SRC carcinoma is defined as a tumor that predominantly consists of isolated or small groups of tumor cells containing intracytoplasmic mucin [7]. SRC carcinoma accounts for 16.8–35.5 % of gastric cancer cases [8, 9, 10, 11]. The tumor cells of SRC carcinoma show several morphologic variants, including (1) classic SRC carcinomas, characterized by intracytoplasmic mucin vacuoles with eccentric nuclei, (2) tumor with central nuclei resembling histiocytes, (3) tumor with deeply eosinophilic cytoplasm, (4) small cells with scant mucin, and (5) anaplastic cells with scant mucin [7]. The behavior of SRC carcinoma in EGC is controversial. The behavior in early-stage SRC carcinoma has been reported to be alternately more favorable than [9, 11, 12, 13] or equivalent to [14, 15] other types. We recently found a more favorable prognosis for SRC carcinoma than the differentiated type in the early stage, in contrast with a worse prognosis for advanced SRC carcinoma [16]. In terms of tumor histology in EGC, we also reported different LNM rates among pure tubular adenocarcinoma, tubular adenocarcinoma with a minor SRC carcinoma component (mixed type), and SRC carcinoma [11]. Mixed-type EGC was more aggressive than pure tubular adenocarcinoma or SRC carcinoma. The LNM rate of SRC carcinoma was comparable to that of pure tubular adenocarcinoma [11]. There are similar studies showing the aggressiveness of tubular adenocarcinoma with a minor SRC carcinoma component in EGCs [17, 18]. By definition, the proportion of isolated cancer cells of SRC carcinoma should be greater than 50 % in a tumor [7, 19], That is, SRC carcinoma encompassing a minor component of differentiated adenocarcinoma is also diagnosed as SRC carcinoma. The behavioral significance of such a minor tubular component in SRC carcinoma has not been addressed. In particular, the differences in LNM rate between pure SRC carcinoma and SRC carcinoma with a minor tubular component remain to be elucidated. Considering the worse behaviors of mixed-type differentiated EGCs observed in our previous studies [11], there might also be differences in behavior between pure SRC carcinoma and SRC carcinoma with minor tubular components (mixed SRC carcinoma). To address this question, we evaluated the clinicopathologic features of a large series of poorly cohesive, submucosa-invasive EGCs with focus on the purity of the SRC carcinoma component. For further evaluation of histogenetic differences between the two groups, we compared phenotypic differences using lineage-associated markers identified by immunohistochemistry (IHC).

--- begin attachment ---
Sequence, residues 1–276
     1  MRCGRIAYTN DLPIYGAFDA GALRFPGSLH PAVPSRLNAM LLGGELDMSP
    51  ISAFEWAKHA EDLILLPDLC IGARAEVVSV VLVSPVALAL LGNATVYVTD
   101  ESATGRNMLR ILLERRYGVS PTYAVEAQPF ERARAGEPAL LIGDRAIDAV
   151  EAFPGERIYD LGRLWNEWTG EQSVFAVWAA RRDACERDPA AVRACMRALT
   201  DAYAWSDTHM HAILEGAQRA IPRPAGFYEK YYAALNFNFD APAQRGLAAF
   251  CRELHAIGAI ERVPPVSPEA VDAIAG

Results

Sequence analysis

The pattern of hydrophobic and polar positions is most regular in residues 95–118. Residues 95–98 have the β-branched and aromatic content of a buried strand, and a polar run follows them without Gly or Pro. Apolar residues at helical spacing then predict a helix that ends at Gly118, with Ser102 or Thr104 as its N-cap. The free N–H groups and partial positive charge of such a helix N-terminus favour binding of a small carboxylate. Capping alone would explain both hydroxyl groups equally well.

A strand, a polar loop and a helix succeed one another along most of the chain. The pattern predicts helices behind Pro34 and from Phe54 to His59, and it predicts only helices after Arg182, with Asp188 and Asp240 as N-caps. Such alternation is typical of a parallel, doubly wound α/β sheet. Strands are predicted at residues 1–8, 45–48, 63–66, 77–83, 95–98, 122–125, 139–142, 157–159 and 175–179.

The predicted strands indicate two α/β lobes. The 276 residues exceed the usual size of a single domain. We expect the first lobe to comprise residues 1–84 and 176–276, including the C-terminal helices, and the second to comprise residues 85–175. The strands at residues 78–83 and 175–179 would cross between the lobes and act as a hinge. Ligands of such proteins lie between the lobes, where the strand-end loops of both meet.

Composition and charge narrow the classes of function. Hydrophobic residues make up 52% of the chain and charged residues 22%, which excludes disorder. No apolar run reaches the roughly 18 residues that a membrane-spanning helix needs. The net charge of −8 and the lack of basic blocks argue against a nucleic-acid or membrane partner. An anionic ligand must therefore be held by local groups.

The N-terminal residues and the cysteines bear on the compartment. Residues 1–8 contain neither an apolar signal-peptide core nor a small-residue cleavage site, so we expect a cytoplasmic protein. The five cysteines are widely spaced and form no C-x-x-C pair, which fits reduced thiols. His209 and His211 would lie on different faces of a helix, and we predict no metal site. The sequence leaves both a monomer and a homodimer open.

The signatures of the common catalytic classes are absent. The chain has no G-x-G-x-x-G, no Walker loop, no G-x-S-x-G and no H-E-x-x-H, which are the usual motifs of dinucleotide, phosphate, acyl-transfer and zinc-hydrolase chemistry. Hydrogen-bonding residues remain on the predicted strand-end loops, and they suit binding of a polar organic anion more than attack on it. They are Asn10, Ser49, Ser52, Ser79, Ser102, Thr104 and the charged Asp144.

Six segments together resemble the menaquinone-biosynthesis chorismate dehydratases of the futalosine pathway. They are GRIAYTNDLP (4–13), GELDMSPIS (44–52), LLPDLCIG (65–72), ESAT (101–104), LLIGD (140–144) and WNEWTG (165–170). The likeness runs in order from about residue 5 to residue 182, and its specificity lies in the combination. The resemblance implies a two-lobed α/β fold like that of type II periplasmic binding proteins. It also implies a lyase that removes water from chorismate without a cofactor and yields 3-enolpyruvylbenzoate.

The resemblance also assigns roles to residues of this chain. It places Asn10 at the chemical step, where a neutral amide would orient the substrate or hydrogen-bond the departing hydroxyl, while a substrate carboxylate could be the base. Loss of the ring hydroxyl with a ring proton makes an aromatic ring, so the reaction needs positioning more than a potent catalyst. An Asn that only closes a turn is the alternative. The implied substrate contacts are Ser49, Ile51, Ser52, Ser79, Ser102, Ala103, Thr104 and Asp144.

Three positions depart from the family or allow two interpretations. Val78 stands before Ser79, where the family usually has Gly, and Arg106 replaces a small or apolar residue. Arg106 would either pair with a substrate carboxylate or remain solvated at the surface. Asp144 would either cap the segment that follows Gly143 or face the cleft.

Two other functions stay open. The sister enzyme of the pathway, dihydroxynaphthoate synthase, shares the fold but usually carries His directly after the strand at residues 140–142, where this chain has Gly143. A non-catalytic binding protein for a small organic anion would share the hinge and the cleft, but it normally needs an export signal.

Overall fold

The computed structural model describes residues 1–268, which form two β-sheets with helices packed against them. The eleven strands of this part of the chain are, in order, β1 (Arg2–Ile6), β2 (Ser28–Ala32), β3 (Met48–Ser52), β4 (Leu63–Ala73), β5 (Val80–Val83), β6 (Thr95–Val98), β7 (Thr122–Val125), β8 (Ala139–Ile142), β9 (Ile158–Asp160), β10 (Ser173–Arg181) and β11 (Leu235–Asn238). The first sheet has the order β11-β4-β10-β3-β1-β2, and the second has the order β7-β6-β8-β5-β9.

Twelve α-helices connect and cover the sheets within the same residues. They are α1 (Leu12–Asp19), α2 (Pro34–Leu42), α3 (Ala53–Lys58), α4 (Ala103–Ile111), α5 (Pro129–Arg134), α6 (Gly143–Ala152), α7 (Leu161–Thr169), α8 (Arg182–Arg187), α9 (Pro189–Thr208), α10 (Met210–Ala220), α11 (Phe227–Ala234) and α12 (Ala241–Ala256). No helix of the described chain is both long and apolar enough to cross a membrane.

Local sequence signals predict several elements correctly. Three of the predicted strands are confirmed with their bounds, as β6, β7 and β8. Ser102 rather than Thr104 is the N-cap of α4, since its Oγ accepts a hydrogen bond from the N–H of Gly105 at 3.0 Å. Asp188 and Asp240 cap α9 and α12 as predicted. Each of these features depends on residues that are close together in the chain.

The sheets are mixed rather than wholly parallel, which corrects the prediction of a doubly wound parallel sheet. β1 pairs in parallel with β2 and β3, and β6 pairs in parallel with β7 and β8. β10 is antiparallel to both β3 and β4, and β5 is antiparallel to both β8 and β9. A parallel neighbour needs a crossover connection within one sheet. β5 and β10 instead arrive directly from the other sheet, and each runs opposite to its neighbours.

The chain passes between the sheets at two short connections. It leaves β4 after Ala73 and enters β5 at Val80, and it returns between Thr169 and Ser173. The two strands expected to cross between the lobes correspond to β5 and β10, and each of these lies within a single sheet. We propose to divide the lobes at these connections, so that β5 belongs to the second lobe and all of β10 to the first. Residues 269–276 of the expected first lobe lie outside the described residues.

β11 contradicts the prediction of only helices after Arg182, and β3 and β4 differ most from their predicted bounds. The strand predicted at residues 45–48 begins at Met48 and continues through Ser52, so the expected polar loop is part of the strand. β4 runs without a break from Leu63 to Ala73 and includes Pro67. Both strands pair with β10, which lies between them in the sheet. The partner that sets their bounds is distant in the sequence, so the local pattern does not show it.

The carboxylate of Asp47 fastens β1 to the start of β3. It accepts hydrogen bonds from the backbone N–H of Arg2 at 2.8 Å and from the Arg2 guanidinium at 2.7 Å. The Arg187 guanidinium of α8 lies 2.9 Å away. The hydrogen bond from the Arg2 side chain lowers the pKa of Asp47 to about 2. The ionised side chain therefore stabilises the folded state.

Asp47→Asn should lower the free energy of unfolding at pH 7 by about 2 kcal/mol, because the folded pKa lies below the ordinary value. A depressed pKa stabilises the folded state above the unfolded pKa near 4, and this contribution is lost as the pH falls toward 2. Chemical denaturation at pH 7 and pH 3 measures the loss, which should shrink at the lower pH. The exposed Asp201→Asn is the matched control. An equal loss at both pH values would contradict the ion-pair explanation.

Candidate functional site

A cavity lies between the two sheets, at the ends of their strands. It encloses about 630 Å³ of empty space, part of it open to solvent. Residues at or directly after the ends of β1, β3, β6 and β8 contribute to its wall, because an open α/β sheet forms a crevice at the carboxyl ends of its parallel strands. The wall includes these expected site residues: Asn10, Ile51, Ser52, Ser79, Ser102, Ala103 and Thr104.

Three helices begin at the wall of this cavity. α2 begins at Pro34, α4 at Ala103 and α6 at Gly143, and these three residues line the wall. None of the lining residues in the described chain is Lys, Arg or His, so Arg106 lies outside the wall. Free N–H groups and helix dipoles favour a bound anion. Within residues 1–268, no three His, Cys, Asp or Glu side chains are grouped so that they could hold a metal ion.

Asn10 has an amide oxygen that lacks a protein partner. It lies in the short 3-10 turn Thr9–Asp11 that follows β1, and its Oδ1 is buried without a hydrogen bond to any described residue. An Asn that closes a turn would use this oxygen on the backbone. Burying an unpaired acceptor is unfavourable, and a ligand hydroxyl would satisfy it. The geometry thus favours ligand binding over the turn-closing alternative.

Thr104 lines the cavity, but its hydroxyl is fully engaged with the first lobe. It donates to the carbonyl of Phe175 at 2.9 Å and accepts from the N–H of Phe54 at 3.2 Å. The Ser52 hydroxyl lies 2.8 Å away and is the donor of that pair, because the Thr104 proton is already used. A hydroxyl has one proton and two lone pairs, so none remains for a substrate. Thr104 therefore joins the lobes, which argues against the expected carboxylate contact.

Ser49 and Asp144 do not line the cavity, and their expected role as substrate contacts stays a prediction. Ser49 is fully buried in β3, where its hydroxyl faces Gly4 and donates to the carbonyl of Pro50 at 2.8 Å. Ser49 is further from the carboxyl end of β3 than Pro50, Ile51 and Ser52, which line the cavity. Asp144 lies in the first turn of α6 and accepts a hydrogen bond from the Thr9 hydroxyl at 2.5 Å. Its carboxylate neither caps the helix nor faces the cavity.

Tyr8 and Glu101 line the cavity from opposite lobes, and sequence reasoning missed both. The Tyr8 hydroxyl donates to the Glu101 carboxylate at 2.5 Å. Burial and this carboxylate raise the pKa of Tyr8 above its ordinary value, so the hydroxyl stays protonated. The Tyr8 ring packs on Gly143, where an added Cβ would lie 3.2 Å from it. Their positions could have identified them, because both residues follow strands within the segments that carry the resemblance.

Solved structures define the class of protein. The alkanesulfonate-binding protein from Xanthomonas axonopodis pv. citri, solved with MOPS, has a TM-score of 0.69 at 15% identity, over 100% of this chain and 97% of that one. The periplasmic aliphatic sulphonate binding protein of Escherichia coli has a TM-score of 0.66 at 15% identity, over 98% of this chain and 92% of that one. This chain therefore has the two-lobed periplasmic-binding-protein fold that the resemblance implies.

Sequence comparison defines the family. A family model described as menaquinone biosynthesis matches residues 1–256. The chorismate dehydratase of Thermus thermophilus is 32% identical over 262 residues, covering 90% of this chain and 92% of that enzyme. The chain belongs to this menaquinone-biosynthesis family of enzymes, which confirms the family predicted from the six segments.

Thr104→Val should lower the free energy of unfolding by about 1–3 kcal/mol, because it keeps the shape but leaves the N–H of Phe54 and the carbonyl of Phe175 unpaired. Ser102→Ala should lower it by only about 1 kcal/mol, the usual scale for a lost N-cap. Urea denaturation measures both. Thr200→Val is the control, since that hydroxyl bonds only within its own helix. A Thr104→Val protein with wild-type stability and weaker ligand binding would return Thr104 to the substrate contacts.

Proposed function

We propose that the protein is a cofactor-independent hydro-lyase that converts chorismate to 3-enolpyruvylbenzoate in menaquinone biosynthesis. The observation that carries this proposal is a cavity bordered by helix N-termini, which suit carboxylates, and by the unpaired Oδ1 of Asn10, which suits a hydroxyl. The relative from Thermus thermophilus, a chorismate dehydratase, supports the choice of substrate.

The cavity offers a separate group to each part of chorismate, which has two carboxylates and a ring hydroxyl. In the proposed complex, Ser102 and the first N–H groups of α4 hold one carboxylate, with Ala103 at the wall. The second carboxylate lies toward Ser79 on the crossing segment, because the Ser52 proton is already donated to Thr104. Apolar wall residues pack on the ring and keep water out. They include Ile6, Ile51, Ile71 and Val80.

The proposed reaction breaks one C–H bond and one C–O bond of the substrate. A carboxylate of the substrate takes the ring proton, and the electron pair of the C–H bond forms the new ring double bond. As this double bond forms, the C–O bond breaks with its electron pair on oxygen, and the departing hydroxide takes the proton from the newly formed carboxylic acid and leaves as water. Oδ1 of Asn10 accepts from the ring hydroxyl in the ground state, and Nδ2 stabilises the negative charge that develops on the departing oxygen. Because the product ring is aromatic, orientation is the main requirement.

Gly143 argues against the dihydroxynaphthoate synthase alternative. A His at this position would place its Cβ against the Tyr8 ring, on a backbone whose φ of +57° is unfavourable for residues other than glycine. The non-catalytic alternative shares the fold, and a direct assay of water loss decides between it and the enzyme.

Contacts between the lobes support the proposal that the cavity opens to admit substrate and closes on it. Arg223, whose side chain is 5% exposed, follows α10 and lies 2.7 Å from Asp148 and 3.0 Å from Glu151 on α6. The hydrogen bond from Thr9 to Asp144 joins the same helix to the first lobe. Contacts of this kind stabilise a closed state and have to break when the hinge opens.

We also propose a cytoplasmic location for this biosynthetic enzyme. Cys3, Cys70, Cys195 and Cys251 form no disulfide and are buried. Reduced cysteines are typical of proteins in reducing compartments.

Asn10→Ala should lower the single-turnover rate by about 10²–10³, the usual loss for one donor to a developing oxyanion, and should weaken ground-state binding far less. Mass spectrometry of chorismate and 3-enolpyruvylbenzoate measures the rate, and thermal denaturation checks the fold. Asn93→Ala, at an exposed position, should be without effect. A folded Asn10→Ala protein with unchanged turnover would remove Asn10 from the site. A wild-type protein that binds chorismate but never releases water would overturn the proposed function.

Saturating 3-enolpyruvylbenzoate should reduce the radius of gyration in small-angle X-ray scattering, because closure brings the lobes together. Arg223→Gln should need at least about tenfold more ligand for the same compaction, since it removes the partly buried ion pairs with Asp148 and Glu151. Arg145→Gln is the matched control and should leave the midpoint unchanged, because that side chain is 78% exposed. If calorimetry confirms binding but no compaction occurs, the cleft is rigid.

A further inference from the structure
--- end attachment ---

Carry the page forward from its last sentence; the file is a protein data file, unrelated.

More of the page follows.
Materials and methods

Patients and clinicopathologic evaluation

Three hundred seventeen patients who underwent gastrectomy with lymph node dissection at Severance Hospital and in whom poorly cohesive, submucosa-invasive EGC was diagnosed from January 2010 to December 2012 were included. The following EGC cases were excluded: cancers treated with neoadjuvant chemotherapy, multiple gastric cancers, and cancers of remnant stomach. Clinical and pathologic parameters were evaluated, including age, sex, location of tumor, size, depth of invasion, lymphovascular invasion (LVI), LNM, ulceration, state of Helicobacter pylori infection, and intestinal metaplasia in the adjacent nonneoplastic mucosa. The depth of invasion was defined as the distance from the lowest level of the muscularis mucosae (or surface of ulceration) to the end of the deepest tumor invasion. The level of submucosal invasion was divided into three sublevels (upper third, SM1; middle third, SM2; and lower third, SM3). Ulceration was defined histologically as a disruption of the muscularis mucosae with or without granulation tissue formation or submucosal fibrosis. Information on H. pylori infection was collected from medical records. To assess the purity of the SRC carcinoma component, we reviewed archival hematoxylin and eosin stained slides of all cases and divided the poorly cohesive, submucosa-invasive EGCs into (1) pure SRC carcinoma histologic type, which was composed of only SRCs or poorly cohesive tumor cells (Fig. 1a, b) and (2) mixed SRC carcinoma, which was poorly cohesive EGC showing a minor (less than 50 %) tubular or papillary component (Fig. 1c, d). The study was approved by the Institutional Review Board of Severance Hospital (approval no. 4-2014-0667).
Fig. 1

Representative images of a case of pure signet ring cell carcinoma (a ×40, b ×200) and a case of mixed signet ring cell carcinoma (c ×40, d ×200)

Immunohistochemistry

Among the 317 cases, 92 diagnosed in 2012 were evaluated by IHC for lineage-associated markers, including mucin 5AC, mucin 6, mucin 2 and CDX2. Mucin 5AC and mucin 6 were used as markers of the gastric foveolar and antral phenotype respectively [20, 21]. Mucin 2 and CDX2 were used as markers of intestinal differentiation [20, 21]. IHC was performed with a Ventana XT automated stainer (Ventana, Tucson, AZ, USA) with use of antibodies for mucin 5AC (1:2000, clone CLH5; Novocastra, UK), mucin 6 (1:200, clone CCP58, Novocastra), mucin 2 (1:200, clone CLH2, Novocastra), and CDX2 (1:50, clone EPR2764Y, Cell Marque, Rocklin, CA, USA). Sections were deparaffinized with EZ Prep solution (Ventana). CC1 standard [pH 8.4 buffer containing tris(hydroxymethyl)aminomethane–borate–EDTA] was used for antigen retrieval and blocked with inhibitor D (3 % H2O2) for 4 min at 37 °C. Slides were incubated with primary antibody for 40 min at 37 °C followed by a universal secondary antibody for 20 min at 37 °C. Slides were incubated in streptavidin–horseradish peroxidase D for 16 min at 37 °C and then the substrate, 3,3′-diaminobenzidine tetrahydrochloride H2O2, was added for 8 min, followed by hematoxylin and bluing reagent counterstaining at 37 °C. Cases showing more than 10 % immunoreactivity for each marker were identified as positive. Two pathologists (Y.H. Kim and H. Kim) assessed the IHC results blinded to all clinicopathologic information.